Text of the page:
Human experiences of empathy and presence are quintessential in therapeutic as well as intimate relationships. The work on relational psychophysiology has informed psychotherapeutic research by illustrating how early life physiological concordance between mother and infant are critical in mutual dyadic regulation. These processes cross several developmental domains, including biological, affective, social, and self-identity. By examining physiological concordance, this research has propelled our understanding of mutual regulation into the more expansive understanding of dyadically expanded states of consciousness. The core of the therapeutic relationship inherently engenders expanded opportunities and reorganization of the client, as well as the therapist. By incorporating the views of nonlinear dynamic systems theory, this model views the human as an open dynamic system, consisting of interrelated domains of functioning (i.e., physiological, emotional, cognitive/symbolic, and social/behavioral), where each is an agent in mutual regulation and growth. Fine-tuning the mutual regulation model by bringing in relational psychophysiology and dynamic systems theory offers an expanded understanding of intimate human relationships, including early systemic development between mother and infant, as well as therapist-client effectiveness.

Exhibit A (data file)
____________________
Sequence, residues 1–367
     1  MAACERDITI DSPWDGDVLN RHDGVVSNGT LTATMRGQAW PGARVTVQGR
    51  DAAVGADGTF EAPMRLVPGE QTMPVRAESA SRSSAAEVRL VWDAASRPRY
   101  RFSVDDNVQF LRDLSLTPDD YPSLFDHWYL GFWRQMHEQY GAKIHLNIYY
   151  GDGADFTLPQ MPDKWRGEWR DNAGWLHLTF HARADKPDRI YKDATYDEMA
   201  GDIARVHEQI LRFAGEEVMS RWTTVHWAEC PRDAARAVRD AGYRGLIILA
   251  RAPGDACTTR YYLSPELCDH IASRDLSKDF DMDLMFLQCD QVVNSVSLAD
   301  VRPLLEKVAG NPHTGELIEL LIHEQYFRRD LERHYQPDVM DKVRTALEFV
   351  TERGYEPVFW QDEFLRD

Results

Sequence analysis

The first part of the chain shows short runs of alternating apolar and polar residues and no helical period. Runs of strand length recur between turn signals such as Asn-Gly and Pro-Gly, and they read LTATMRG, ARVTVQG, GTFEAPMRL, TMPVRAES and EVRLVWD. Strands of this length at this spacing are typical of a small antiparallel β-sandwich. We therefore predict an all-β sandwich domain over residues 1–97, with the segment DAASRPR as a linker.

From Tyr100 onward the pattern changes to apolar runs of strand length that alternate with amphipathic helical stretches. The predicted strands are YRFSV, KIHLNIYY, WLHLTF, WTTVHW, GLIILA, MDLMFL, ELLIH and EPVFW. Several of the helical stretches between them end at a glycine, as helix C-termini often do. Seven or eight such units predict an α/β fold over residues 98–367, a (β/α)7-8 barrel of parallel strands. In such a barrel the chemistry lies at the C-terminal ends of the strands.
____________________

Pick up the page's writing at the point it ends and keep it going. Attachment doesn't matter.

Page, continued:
Cornelius-White, Jeffrey H. D, Renate Motschnig-Pitrik, and Michael Lux. Interdisciplinary Handbook of the Person-Centered Approach: Research and Theory. New York, NY: Springer New York, 2013.
O’Brien, Kymberlee M, Karim Afzal, and Edward Tronick. "Relational Psychophysiology and Mutual Regulation During Dyadic Therapeutic and Developmental Relating." (2013). Print.